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Saturday, August 4, 2012


RL.K.2  With prompting and support, retell familiar stories including key details.

Nursery Rhymes and Finger Plays – Children can develop oral language and story concepts from simple rhymes.  Here’s a perfect one for the sequence of getting ready for school.

This little girl is
Ready for bed.                                    (Hold up index finger and wiggle.)
On the pillow
She lays her head.                              (Open palm and lay finger down.)
Wrap the covers
Around her tight.                                (Wrap fist around finger.)
That’s the way
She spends the night.                        (Rock hand.)
Morning comes,
She opens her eyes.
Off with a toss
The covers fly.                                      (Open fist.)
She jumps out of bed,                       (Hold up finger.)
Eats her breakfast,                              (Pretend to feed finger some food.)
And brushes her teeth.                       (Pretend to brush teeth on finger.)
She gets dressed and                        (Pretend to dress finger.)
Brushes her hair.                                   (Pretend to brush hair.)
Now she’s ready
And on her way,                                  (Dance finger around.)
To work and play
At school all day.

This little boy…                                     (Do similar motions with the
     opposite index finger.)

Puppets – Puppets are a unique way to integrate art with standards.  Children can make stick puppets, lunch sack puppets, paper plate puppets, envelope puppets, etc. of favorite characters from books read.  Their “puppet” can then retell the story.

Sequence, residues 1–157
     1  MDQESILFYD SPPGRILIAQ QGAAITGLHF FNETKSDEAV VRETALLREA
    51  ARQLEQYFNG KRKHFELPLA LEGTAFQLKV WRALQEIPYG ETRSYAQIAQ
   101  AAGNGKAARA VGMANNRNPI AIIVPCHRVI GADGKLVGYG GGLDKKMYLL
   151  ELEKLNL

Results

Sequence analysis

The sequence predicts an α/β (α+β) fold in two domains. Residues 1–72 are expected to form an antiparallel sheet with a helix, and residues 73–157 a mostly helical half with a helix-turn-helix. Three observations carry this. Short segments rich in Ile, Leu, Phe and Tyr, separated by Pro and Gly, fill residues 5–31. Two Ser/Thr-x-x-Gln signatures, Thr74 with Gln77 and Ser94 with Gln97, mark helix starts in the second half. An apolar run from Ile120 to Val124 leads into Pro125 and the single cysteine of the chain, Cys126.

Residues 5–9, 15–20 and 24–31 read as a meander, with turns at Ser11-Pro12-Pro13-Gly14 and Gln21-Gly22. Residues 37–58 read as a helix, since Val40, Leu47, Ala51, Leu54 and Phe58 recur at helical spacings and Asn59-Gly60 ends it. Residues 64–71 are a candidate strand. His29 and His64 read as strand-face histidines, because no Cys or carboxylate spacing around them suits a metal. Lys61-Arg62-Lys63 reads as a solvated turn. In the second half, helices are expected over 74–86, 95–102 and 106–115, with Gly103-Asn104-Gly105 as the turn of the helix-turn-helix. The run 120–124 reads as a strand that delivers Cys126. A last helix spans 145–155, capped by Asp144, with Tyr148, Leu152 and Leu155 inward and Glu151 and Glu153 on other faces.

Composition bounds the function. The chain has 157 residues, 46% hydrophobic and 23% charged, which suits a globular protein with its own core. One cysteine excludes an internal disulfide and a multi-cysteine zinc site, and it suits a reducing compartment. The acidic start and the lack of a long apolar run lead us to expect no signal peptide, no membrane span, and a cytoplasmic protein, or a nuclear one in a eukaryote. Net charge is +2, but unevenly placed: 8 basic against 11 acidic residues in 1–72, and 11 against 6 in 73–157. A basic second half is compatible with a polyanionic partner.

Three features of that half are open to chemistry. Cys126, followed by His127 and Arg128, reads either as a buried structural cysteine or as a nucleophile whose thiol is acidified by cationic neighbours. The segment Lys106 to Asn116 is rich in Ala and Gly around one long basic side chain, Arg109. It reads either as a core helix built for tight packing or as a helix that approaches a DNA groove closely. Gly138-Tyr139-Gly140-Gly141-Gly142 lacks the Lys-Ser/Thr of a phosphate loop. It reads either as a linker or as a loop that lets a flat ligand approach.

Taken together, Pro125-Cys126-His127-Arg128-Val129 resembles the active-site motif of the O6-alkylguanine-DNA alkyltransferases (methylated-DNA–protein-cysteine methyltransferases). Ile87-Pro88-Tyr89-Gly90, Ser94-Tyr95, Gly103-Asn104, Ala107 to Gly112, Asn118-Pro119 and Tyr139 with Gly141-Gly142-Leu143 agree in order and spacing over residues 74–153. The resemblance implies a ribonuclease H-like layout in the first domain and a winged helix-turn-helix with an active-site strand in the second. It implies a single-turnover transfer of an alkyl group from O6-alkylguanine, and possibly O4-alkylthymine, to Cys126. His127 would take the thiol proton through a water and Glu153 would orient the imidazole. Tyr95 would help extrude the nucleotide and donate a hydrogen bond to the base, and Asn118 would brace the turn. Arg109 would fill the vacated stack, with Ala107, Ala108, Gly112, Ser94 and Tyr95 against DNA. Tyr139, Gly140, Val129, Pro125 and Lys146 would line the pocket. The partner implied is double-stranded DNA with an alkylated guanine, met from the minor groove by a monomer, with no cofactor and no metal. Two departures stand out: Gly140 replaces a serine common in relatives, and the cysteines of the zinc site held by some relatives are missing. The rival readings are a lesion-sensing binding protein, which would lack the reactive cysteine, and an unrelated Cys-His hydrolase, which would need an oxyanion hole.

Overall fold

Flannel Board – To make a simple flannel board, staple the sides of a file folder and glue felt to the front.  Make characters from felt or copy color photos from the book, cut them out, and attach a piece of Velcro to the back.  Model how to retell the story and then invite the children to retell it using the felt pieces.
*Folk tales, such as “The Little Red Hen,” “The Three Bill Goats Gruff,” “Gingerbread Boy,” etc. work well as flannel board stories.

Dramatize – Invite children to be different characters in a story and role play various scenes.

Blank Books – Fold two sheets of paper in half and staple.  After reading a story, have children make a book about it.

Cartoon Frames – Run off copies of cartoon frames so children can draw the sequence of events in a story.  Start with two frames for the beginning and the end.  Next, try three frames so they can draw the beginning, middle, and end.  Finally, offer for frames for first, next, then, and last.
Story Bracelets – String color-coded beads on a pipe cleaner to help prompt children as they retell stories.

            Three Pigs
            Once upon a time there were three little pigs.  (3 pink beads)
            The first little pig built a house of straw.  (1 yellow bead)
            The second little pig built a house of sticks. (1 brown bead)
            The third little pig built a house of bricks.  (1 red bead)
            One day a big bad wolf came along.  (1 black bead)
            He went to the house of the first little pig and said, 
            “Little pig, little pig, let me come in.”  (Touch yellow bead.)
            The little pig said, “Not by the hair of my chinny chin chin.”
            “Then I’ll huff and I’ll puff and I’ll blow your house in”…
            The wolf climbed up on the chimney so he could get the pigs.
            The pigs put a big pot of boiling water in the fireplace.  (blue bead)
            When the wolf hit the hot water he jumped out of the
            fireplace and was never heard from again. 
            And that’s the story of the three little pigs!  
            (Twist ends of pipe cleaner to make a bracelet.)